Why Bog Blog? I don’t normally use the word bog myself but it seems appropriate here, since it is just one letter short of “blog”.

“The bog” is a down-to-earth British euphemism for the facilities that genteel Americans tend to describe by cringeworthy euphemistic names such as bathroom, washroom, restroom, powder room or even (ugh!) comfort station. The bog is, of course, also known by many other names, some crude, some polite. Examples include lavatory, loo, toilet, WC (water closet), can, john, head, privy, latrine, ladies’ room, gentlemen’s room and little girls’ room (yuk!).

We in Britain should be grateful that we still have a reasonable (although rapidly shrinking) provision of public lavatories and do not often have to dodge into a cafe for an unwanted coffee just so that we can make use of the customer-only facilities.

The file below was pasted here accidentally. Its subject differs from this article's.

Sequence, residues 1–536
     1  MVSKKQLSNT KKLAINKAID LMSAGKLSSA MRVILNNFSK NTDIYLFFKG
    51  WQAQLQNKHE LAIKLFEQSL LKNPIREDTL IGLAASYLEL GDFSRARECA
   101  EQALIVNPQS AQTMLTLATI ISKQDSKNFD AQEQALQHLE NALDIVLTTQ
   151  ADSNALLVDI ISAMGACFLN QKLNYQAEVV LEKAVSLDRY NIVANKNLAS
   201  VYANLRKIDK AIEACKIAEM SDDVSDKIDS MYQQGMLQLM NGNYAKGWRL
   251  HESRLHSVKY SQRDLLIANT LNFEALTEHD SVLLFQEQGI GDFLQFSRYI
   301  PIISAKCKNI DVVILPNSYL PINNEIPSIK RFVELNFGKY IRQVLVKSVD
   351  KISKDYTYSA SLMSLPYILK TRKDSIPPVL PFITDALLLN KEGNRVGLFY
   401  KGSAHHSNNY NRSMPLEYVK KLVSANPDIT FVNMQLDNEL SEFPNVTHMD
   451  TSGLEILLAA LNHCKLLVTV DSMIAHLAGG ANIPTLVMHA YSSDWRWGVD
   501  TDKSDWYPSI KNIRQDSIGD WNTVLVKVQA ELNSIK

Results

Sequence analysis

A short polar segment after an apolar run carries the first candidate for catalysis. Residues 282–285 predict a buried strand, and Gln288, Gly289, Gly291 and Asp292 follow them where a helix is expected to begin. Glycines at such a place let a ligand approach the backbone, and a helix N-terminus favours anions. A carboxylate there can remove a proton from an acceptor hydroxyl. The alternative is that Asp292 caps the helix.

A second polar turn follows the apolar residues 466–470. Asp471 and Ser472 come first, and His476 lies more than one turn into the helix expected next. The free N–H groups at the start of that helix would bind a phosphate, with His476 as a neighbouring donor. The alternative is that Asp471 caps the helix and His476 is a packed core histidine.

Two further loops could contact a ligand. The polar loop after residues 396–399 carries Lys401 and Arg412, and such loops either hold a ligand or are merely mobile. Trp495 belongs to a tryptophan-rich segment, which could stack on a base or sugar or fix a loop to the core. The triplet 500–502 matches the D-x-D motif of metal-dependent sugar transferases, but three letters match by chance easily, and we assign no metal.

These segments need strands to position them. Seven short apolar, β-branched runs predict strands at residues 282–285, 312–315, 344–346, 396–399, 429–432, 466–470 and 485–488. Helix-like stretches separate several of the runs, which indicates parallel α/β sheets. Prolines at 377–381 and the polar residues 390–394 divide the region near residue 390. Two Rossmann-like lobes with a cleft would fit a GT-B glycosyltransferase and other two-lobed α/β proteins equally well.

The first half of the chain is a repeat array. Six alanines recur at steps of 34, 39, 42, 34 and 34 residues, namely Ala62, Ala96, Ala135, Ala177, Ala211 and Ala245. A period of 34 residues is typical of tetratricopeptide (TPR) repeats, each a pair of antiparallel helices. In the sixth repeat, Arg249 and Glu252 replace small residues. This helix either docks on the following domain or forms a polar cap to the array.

Nevertheless, the UK’s public lavatories are something of a mystery to me, for reasons that will be clear from subsequent Bog Blog postings. They can also be a source of great annoyance — again for reasons that will be explained on later postings.

By the way, my use of the description “public” includes all freely accessible bogs, such as those in shopping centres, department stores, supermarkets, airports, bus stations, public parks, public car parks and free-to-enter museums and art galleries.

I do not include bogs that are only accessible after one has paid an admission fee, such as those in most cinemas, theatres, night clubs, concert halls, sports grounds, stately homes, entertainment parks, etc.

I may, however, refer to bogs in pubs and eateries where you can usually walk in and use the lavatorial facilities without anyone noticing that you haven’t actually bought any food or drink. Examples include chaotic fast food establishments such as McDonald’s and large pubs such as those run by J. D. Wetherspoon.

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